Robotic suit helps disabled people walk

Sep 2, 2008
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Argo Medical Technologies has developed a “quasi-robotic” suit aimed at letting long-term wheelchair users walk independently. “ReWalk” appears to borrow sensor, motor, and real-time computing technologies from humanoid robot research.

The company claims the ReWalk can greatly reduce healthcare costs, by eliminating the need for “standing devices, stair lifts, bed lifts, expensive powered wheelchairs, and other mobility assistive apparatus.” Additionally, use of the suit may alleviate many complications of long-term wheelchair use, including urinary, respiratory, cardiovascular, and digestive problems, osteoporosis, and pressure sores.

ReWalk wearers control their lower limbs via small upper-body movements and subtle changes in center-of-gravity, according to the company. The short promotional video below (made by Argo Medical) demonstrates the devices ability to enable users to sit-to-stand, stand-to-sit, walk, ascend/descend slopes, and drive — even climb stairs.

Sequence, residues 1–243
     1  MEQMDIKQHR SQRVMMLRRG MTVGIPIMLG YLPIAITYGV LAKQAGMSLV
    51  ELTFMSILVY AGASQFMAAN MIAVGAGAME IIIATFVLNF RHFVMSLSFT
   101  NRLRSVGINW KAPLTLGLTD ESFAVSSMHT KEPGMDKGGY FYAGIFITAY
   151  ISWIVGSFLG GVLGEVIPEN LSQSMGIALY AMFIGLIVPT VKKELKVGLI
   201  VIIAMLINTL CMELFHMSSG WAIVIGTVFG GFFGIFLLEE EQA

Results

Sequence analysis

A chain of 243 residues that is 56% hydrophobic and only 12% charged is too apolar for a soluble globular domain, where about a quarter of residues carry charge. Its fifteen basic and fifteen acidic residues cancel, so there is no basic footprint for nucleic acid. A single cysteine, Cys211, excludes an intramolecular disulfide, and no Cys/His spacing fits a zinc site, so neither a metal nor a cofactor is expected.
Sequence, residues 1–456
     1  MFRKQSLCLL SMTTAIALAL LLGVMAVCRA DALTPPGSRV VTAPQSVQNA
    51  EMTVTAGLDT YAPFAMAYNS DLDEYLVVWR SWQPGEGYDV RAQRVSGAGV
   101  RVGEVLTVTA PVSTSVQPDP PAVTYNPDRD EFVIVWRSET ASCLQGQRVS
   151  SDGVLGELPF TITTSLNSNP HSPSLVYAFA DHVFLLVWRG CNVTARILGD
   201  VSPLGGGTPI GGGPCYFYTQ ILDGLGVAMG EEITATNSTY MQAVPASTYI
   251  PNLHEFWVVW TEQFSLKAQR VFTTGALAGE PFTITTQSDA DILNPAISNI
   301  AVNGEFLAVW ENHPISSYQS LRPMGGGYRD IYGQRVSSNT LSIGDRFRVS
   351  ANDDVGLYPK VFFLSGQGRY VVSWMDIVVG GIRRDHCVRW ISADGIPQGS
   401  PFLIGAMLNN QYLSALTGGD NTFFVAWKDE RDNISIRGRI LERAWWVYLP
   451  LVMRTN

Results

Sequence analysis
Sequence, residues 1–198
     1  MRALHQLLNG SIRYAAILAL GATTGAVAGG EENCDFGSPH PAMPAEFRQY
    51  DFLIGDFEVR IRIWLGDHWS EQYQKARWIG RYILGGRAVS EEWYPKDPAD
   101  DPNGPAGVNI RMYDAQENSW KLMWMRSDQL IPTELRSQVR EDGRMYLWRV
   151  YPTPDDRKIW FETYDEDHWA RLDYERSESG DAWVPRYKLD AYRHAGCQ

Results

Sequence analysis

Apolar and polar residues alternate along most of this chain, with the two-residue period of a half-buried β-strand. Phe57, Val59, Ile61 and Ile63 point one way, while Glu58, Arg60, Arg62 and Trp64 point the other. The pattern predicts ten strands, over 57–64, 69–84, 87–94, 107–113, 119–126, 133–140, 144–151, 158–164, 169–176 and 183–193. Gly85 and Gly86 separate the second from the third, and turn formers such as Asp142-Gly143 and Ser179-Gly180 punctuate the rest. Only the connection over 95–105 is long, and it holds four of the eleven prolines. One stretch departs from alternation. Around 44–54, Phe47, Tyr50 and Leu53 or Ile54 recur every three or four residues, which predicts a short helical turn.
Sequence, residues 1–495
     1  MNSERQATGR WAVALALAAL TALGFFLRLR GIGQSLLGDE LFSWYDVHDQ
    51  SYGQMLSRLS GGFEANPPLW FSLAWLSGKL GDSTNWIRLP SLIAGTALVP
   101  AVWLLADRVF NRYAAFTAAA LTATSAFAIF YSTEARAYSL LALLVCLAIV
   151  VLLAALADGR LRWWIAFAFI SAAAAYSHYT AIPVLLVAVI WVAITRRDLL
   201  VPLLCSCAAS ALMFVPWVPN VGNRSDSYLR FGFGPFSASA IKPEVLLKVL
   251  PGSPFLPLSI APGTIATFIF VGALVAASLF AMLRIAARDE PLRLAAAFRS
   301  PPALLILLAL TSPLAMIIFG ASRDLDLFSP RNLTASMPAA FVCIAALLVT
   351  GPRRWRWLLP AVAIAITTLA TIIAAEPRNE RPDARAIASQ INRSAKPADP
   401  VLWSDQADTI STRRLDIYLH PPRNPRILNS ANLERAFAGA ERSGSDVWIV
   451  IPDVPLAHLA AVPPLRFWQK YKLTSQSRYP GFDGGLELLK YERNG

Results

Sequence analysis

(Click above to view video)

Interestingly, Argo Medical’s ReWalk suit appears to leverage technologies from bipedal humanoid robot research projects such as Honda’s Asimo and Toyota’s violin-playing robot (pictured at right).

It’s also intriguing to contemplate the effect of combining Argo Medical’s ReWalk suit with the fruits of recent investigations into controlling robotic limbs via brain activity.

For further information on ReWalk, visit Argo’s Medical’s website.



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